A handful of fans wore black-painted faces to a September "blackout" football game at Sun Devil Stadium

Dianna M. Náñez, The Republic | azcentral.com 9:43 a.m. MST October 17, 2014


Arizona State University officials on Thursday still would not say whether Sun Devils fans who show up to athletic events in face paint will be asked to remove it or will be barred entry to games.

ASU is scheduled to play Stanford on Saturday in a Pac-12 football game at Sun Devil Stadium.

Kevin Galvin, an ASU spokesman, told The Republic on Thursday that the university had nothing to add to its statements earlier this week that students are being discouraged from using face paint of any color following an uproar over a handful of students who painted their faces black for a September "blackout" football game.

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ASU had hosted a "blackout" promotion in which the university encouraged fans to wear black to match ASU's special alternate uniforms. Fans are encouraged to wear maroon and gold, the school colors, to other spirit-themed games.

Students who wore the black face paint told The Republic they did not mean to offend anyone.

Some students at the Tempe ASU campus said Thursday they agreed black face paint is not a sign of school spirit. Others said stopping students from wearing face paint would not solve the problem of racial insensitivity.

African-American leaders Thursday said university officials must act quickly to create greater cultural awareness on one of the nation's largest campuses, with nearly 82,000 students.

On social media, some fans were outraged by what they viewed as a knee-jerk reaction and political correctness in ASU's statement that it is discouraging face paint of any color at games.

Students with the Black African Coalition, who had asked ASU last week to ban students from painting their face black to games, said they were being attacked for taking a stance.

"There's been a lot of threats," ASU student Kyle Denman said. "People saying our coalition should be disbanded because it's racist. They called us buffoons. It's been really bad."

Denman, speaking as an individual and not in his role as president of the Black African Coalition, said the group has a meeting with ASU officials Tuesday and expects to release a statement on ASU's actions, as well as the student group's call for mandatory cultural-awareness courses.

Denman said the coalition's statement is being reviewed by ASU officials, who must approve any communications made to the media.

On campus, some students were confused by ASU's actions. Some believed that ASU banned the use of face paint. The university's official statement said that it discourages the use.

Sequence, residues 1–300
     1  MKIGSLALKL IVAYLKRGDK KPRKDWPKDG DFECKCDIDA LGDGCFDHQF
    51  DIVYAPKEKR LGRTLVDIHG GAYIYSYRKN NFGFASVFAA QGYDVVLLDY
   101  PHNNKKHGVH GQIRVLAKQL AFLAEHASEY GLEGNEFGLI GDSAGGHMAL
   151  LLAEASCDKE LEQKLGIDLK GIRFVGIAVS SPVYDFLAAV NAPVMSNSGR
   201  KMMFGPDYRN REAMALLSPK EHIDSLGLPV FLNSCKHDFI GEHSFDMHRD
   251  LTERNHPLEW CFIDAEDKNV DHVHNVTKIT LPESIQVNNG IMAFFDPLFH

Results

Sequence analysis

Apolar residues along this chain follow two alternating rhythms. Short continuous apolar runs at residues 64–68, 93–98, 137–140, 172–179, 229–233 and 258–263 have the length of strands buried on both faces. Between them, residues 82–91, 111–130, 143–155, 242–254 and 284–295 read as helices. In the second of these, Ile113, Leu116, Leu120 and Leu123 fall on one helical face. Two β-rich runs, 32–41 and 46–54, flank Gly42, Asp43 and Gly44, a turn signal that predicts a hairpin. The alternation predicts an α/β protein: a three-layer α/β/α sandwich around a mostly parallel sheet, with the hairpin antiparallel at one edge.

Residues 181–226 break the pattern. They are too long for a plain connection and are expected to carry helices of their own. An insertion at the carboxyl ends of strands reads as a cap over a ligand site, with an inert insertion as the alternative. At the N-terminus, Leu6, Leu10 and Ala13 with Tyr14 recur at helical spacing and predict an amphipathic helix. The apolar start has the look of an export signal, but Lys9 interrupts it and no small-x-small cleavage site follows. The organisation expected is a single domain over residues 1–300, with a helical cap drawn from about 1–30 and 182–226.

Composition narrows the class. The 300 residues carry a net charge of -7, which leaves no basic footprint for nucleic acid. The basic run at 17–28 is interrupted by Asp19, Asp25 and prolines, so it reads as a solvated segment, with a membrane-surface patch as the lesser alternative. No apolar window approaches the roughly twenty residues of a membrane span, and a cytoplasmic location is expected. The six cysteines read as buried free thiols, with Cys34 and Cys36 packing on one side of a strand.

"I feel like ASU banning the use of face paint in the game is taking it too far. You almost kind of wonder if it's just them saying, 'You're looking for a reason to be offended, so we're going take it a step farther so that others become offended at you and then blame you for the issue we're having,'" said Robert Nichols, a 20-year-old film-production student.

Nichols said many students lack cultural awareness. He said he believes that students were likely to ignore lessons taught in mandatory classes.

"Consider the fact that most people who go here probably have no idea what blackface is," he said.

Some students were upset that ASU addressed concerns about fans painting their faces black by discouraging all face paint.

"I mean, I get not painting your face black; that's offensive," said Krista Letz, an 18-year-old business communications major. "But I don't think it's fair to ban all face paint."

ASU officials told The Republic last week that they monitor students' clothing and signs through the student code of conduct. Officials said that they often have to tell students they cannot enter the game wearing profane T-shirts at rivalry games against the University of Arizona.

"It's not the paint that's the problem, it's the insensitivity itself," said Abraham Nurhssien, 20, a psychology and sociology major.

Leaders of the Valley's African-American community last week also had called for a ban on students wearing black-painted faces to games.

Don Logan, a diversity expert who in 2004 as Scottsdale's diversity director was the target of a mail-bombing attack by White supremacists, said that ASU is in a difficult position and that any action it takes will be scrutinized. He agreed that ASU needed to institute cultural-awareness courses, given recent racial insensitivity on campus.


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